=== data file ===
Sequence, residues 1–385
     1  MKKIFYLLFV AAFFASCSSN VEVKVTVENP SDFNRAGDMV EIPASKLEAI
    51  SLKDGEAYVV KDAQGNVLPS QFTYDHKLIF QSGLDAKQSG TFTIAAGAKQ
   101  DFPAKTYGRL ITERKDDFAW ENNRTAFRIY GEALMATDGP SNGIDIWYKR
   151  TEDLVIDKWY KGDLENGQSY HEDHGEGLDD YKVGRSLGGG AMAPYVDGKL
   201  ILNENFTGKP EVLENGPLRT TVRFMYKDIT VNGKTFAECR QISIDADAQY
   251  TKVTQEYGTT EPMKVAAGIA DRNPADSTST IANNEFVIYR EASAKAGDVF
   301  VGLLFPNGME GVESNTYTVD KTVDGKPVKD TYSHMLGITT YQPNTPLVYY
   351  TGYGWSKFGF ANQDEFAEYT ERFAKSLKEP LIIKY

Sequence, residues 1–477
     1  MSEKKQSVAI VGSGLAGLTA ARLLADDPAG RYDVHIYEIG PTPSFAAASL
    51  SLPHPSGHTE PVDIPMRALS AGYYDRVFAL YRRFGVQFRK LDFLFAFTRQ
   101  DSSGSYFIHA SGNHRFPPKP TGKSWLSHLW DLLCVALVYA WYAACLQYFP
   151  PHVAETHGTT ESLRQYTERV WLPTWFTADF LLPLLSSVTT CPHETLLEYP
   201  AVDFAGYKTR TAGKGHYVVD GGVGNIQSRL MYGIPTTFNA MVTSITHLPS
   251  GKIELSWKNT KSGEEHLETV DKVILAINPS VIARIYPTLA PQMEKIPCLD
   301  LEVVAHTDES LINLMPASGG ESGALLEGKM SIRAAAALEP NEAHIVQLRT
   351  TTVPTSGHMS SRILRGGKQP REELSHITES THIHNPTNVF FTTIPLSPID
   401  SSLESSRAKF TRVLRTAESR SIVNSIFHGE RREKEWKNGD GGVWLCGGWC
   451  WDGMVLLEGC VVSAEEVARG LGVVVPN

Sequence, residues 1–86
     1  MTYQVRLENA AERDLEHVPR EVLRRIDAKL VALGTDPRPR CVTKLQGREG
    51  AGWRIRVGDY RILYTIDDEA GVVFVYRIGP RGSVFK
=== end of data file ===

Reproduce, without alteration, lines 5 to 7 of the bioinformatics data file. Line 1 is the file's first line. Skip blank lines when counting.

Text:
   151  TEDLVIDKWY KGDLENGQSY HEDHGEGLDD YKVGRSLGGG AMAPYVDGKL
   201  ILNENFTGKP EVLENGPLRT TVRFMYKDIT VNGKTFAECR QISIDADAQY
   251  TKVTQEYGTT EPMKVAAGIA DRNPADSTST IANNEFVIYR EASAKAGDVF